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Reference Number EP/H016732/1
Title SAMI (Synthetic Aperture Microwave Imaging): Measuring tokamak plasma current using electron Bernstein wave emission
Status Completed
Energy Categories NUCLEAR FISSION and FUSION(Nuclear Fusion) 100%;
Research Types Basic and strategic applied research 100%
Science and Technology Fields PHYSICAL SCIENCES AND MATHEMATICS (Physics) 100%
UKERC Cross Cutting Characterisation Not Cross-cutting 100%
Principal Investigator Dr RGL Vann
No email address given
University of York
Award Type Standard
Funding Source EPSRC
Start Date 10 November 2009
End Date 09 November 2011
Duration 24 months
Total Grant Value £101,090
Industrial Sectors Energy
Region Yorkshire & Humberside
Programme Energy : Physical Sciences
Investigators Principal Investigator Dr RGL Vann , Physics, University of York (100.000%)
  Industrial Collaborator Project Contact , EURATOM/CCFE (0.000%)
Web Site
Abstract This research project will apply aperture synthesis, a diagnostic technique used routinely in radio astronomy, to make the first time-resolved measurements of the current density in the tokamak plasma edge. This measurement is crucial for understanding violent eruptions known as ELMs which could be extremely damaging for ITER, the next generation fusion device. At EUR10Bn, ITER is one of the largest international science projects on Earth.Fusion involves making two positively-charged nuclei collide to produce a heavier nucleus, releasing energy in the process. This can only occur at temperatures of about 100 million degrees. The fundamental challenge to performing fusion is to confine the hot ionised gas (plasma) sufficiently well. The principle behind the leading candidate design for a fusion power plant (called a tokamak) is to use the fact that the charged particles of the plasma state respond to electromagnetic fields, which can be used to confine them away from the material walls of the device.If sufficient heating power is injected into a tokamak plasma, then it enters a high-confinement mode. In this mode, the thermal energy of the plasma increases by about a factor of two due to the creation of a highly insulating layer near the plasma edge, which is typically only a few centimetres thick, compared to the body of the plasma which can be a metre or so across. The pressure gradient in this edge layer is extremely high, so there is a vulnerability to instabilities.The plasma experiences a repetitive series of violent plasma eruptions called Edge Localised Modes, or ELMs, which expel large amounts of energy typically within about a hundred millionths of a second. These are an interesting scientific phenomenon on today's tokamaks but on ITER, where the ejected power in an ELM is expected to be an order of magnitude larger, they could cause serious damage if not controlled.There are ideas for how to control ELMs that work on existing tokamaks, but toextrapolate them reliably to ITER requires a more detailed understanding of the physics. In order to test and constrain theoretical models for ELMs, we need to be able to measure the current density and pressure gradient in the thin edge layer. While a number of tokamaks have a good measurement of the pressure gradient, the current density is much more challenging, and the role of the current density in ELMs remains unconfirmed experimentally.This project will develop a novel diagnostic technique to measure the edge current density on the MAST tokamak routinely (in the sense that in principle the process could be automated). Our diagnostic technique will also have good time resolution, being able to make several measurements of the edge current density through an ELM and address the intriguing question of how (or whether) the current density is flushed out of the plasma edge region within the ELM time-scale (ie about 100 microseconds).The physical basis for this diagnostic technique is the directional emission of electron Bernstein wave (EBW) radiation, which is an example of electron cyclotron emission (ECE). Bernstein waves are electrostatic plasma waves generated in the plasma core at frequencies typically around tens of gigahertz. Most of these outgoing waves are reflected back into the core from a cut-off layer, but waves travelling at a particular angle with respect to the equilibrium magnetic field undergo a mode conversion to an electromagnetic wave that enables them to travel to the plasma edge and to be observed. The EBW emission profile allows us to measure both the direction of the magnetic field, and the rate at which it is changing. Since we know the absolute value of the toroidal magnetic field (it varies inversely proportionally with the distance from the centre of the device), we can use the rate of change of direction of the field to calculate the current density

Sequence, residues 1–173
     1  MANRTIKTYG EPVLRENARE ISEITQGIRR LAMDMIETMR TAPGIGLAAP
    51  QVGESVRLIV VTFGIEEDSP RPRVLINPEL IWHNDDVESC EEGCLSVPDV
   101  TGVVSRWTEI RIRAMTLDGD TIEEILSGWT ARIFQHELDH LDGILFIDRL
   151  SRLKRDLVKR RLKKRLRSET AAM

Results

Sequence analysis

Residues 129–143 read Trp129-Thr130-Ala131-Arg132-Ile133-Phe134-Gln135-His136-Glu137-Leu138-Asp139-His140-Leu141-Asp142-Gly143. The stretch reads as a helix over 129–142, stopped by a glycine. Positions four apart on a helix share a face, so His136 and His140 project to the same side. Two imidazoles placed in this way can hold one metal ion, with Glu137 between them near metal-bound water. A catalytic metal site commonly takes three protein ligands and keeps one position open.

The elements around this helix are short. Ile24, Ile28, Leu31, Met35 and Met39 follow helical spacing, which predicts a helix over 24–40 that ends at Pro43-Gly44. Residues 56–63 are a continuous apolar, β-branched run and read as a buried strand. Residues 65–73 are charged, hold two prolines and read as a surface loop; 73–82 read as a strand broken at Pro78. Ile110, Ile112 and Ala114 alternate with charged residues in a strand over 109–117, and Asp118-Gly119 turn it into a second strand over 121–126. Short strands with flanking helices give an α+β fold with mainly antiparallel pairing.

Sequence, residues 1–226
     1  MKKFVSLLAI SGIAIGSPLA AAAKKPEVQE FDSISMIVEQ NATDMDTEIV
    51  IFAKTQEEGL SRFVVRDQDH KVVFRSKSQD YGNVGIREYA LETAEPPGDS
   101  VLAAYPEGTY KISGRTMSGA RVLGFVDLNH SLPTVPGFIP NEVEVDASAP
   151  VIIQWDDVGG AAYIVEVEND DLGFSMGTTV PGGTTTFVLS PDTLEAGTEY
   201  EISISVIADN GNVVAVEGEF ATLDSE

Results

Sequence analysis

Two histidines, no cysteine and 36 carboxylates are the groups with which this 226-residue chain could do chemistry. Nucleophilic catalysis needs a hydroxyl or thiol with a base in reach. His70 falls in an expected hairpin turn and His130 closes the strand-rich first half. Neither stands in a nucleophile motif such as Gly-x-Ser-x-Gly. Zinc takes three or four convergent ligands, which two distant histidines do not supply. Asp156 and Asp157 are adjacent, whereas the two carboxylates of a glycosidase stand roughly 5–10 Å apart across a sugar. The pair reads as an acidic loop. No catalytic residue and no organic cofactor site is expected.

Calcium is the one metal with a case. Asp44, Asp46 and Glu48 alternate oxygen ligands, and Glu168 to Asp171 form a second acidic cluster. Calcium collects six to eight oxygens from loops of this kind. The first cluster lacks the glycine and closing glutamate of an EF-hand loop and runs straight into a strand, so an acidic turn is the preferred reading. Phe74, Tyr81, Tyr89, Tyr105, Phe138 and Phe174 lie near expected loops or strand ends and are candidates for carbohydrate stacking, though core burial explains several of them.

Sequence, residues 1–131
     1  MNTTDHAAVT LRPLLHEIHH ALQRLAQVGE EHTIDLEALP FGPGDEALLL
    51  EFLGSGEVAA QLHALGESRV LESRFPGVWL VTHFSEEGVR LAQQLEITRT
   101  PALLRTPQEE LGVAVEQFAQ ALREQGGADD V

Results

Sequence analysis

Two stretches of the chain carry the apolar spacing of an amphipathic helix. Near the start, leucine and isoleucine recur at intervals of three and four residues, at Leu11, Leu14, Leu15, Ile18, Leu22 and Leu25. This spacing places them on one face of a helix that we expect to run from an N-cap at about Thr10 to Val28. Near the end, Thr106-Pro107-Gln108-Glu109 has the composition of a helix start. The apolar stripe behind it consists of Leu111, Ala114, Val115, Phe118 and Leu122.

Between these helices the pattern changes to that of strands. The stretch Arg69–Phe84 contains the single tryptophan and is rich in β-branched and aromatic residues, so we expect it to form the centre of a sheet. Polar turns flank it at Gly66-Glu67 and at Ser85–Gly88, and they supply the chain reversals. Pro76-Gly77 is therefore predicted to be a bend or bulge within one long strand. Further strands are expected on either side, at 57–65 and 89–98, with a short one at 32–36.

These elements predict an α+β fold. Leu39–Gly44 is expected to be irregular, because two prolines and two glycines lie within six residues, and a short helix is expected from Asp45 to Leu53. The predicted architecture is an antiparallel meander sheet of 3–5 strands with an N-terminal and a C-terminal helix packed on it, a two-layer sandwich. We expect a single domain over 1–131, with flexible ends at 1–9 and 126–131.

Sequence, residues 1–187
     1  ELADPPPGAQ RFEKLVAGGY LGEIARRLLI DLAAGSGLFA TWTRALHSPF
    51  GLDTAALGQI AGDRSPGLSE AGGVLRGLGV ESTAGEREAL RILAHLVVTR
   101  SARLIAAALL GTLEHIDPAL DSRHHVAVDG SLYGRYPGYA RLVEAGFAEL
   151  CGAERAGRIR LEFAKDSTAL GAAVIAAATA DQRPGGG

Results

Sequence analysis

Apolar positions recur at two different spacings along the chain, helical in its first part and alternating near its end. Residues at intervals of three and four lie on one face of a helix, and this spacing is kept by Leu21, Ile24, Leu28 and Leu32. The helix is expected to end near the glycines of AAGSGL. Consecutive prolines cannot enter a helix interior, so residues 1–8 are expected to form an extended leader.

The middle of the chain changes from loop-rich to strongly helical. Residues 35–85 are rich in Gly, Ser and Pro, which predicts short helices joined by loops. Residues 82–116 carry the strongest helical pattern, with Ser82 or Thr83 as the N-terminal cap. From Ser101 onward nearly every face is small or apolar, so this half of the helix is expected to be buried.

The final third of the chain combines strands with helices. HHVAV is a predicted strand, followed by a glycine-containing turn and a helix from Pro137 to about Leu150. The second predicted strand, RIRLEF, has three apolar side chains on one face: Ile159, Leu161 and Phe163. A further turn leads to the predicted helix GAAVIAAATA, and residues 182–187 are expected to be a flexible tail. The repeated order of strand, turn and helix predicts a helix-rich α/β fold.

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Added to Database 11/09/09